Damian Chazelle directs Emma Stone and Ryan Gosling in La La Land. The musical about Hollywood and all the dreamers and believers that inhabit this world. With the talent like Chazelle who took Hollywood by storm on the drummer biopic Whiplash in 2014 and America’s sweetheart Emma Stone and Canadian good guy Ryan Gosling this is deservedly one of the most hotly anticipated movies and darling of the awards circuit.
The story starts with a song and a dance as any musical worth its salt should but its not wham in your face but a very subdued number the loudness is only in the colourful outfits the various performers wear. It turns the most dreaded of gridlocks on the LA freeway into a thing of beauty and joy. We are introduced to our leads Mia played by Stone and Sebastian played by gosling as two characters stuck in the same jam where Mia is practicing for an upcoming audition while stuck in traffic when Seb honks at her rudely for not moving and they carry on with their individual story tracks. The way Chazelle masterfully overlays the two tracks which seemingly parallel still cross each other’s paths.
Emma Stone really brings it as a struggling actress/barista and you can her craft in the various auditions she goes for, only to be met by disinterested casting directors who keep shoving rejections in her face. Ryan Gosling brings the slow burn with his passionate jazz musician act who has savings swindled by a conman who promises to help him buy the iconic Van Beek café. There is an almost Woody Allen like banter that goes for a good part of the character’s meeting and falling in love with one another but unlike Allen’s movies this isn’t self-indulgent or self-aware this is more in the moment with two people brimming with passion finding someone who understands them. This is where the movie really shines.
Mia encourages Seb to focus on his passion and helps him conceptualise what his Jazz club would look like and the menu it would serve. Seb on the other hand encourages Mia to write and direct a one woman play which he is sure will be brilliant and will give Mia the break she is looking for. How things pan out from there is best viewed on screen than written down. We see dreams being crushed, passions forgotten in the light of fame and money and the dreamers drift apart. The final sequence where they replay the entire movie in the idealistic scenario is sublime. It is the perfect bitter-sweet end to the entire proceeding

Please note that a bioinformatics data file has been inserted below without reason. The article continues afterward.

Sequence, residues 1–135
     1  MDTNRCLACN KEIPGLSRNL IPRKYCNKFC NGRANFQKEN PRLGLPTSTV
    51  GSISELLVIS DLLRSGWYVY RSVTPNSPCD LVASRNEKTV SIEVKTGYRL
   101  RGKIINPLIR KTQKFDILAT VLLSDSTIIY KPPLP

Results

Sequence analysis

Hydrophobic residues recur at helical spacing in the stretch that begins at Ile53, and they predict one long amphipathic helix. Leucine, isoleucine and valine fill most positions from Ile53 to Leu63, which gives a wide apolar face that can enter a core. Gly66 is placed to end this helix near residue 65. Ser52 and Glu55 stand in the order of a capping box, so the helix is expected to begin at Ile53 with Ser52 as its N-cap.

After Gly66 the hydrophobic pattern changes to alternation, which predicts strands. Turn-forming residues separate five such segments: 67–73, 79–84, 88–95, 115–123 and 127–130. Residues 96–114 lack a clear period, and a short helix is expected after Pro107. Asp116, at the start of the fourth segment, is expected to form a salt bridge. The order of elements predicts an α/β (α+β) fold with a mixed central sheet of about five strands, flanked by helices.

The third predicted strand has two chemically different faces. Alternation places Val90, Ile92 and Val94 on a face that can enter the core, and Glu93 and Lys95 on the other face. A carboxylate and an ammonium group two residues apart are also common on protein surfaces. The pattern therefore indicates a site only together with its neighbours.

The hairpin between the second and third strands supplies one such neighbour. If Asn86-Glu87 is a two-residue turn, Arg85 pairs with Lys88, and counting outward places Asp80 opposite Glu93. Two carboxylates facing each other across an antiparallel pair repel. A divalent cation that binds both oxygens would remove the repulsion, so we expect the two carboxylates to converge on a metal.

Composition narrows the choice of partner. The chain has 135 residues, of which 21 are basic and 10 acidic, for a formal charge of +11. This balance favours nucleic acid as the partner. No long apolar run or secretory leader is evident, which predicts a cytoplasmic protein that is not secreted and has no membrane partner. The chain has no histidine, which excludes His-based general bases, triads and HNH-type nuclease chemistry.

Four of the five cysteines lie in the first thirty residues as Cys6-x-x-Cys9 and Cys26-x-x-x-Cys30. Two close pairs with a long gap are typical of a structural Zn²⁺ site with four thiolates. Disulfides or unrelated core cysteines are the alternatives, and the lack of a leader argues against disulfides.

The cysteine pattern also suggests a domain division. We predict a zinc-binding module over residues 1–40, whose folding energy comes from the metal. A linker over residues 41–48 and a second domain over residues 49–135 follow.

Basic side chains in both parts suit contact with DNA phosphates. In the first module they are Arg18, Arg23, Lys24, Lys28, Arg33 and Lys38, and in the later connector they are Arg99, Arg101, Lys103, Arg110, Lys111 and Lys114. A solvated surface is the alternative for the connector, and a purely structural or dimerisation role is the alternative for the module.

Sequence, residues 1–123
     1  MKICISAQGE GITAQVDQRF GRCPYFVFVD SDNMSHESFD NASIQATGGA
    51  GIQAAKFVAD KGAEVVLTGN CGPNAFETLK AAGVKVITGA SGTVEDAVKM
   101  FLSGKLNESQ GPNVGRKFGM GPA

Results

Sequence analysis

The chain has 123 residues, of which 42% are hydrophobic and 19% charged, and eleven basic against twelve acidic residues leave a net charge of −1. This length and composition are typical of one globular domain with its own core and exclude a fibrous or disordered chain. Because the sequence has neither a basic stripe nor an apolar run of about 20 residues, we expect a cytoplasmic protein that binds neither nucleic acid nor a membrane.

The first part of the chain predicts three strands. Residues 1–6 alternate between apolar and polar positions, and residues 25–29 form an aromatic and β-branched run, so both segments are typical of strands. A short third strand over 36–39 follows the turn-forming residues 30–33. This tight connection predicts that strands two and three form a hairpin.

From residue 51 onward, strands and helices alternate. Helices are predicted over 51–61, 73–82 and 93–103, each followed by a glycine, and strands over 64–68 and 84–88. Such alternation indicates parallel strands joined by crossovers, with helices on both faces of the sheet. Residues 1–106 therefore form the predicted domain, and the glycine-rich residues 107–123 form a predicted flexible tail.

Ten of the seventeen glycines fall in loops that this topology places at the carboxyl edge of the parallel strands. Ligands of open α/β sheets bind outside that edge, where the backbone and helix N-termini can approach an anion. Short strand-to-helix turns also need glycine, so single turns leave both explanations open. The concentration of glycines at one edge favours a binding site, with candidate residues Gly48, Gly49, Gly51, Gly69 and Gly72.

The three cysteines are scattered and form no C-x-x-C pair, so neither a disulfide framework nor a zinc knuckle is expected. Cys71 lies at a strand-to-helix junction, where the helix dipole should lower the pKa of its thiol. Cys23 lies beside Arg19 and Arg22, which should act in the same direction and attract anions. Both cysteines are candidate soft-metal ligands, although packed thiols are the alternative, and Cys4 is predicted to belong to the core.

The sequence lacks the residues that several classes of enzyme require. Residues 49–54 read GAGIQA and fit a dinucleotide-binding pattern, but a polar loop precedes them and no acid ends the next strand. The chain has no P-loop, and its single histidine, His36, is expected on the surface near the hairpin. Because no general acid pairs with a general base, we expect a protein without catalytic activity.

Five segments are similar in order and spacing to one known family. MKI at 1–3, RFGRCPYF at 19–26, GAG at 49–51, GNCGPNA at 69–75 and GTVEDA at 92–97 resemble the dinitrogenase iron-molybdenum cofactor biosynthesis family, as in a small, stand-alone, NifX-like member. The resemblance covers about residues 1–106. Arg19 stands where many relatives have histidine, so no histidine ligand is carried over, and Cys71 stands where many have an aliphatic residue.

The camera work by Linus Sandgreen manages to capture the leads and the city of Los Angeles in the best possible light. While atmospheric and close up for most part the camerawork never once gets claustrophobic. The music by Justin Hurwitz and the original songs are all fantastic. The costume design by Mary Zophres with the retro realistic trappings of the cutest dresses and the perfect skinny tie elevate this from being an ordinary musical. The choreography reminds of the era of Fred Astaire and Ginger Rogers. It’s just all around happiness and the canary yellow dress seems to be the perfect embodiment of the same.
As a musical this may not be for everyone and the ending might seem a bit too sweet but I couldn’t fault it even if I tried. I found absolutely everything about this to be perfection. The actors themselves are perfectly cast in their individual roles. And as Mia says in the movie People love what other people are passionate about. And with Damien Chazelle’s passion for telling simple stories through an emphasis on music, what’s not to love! Do not miss it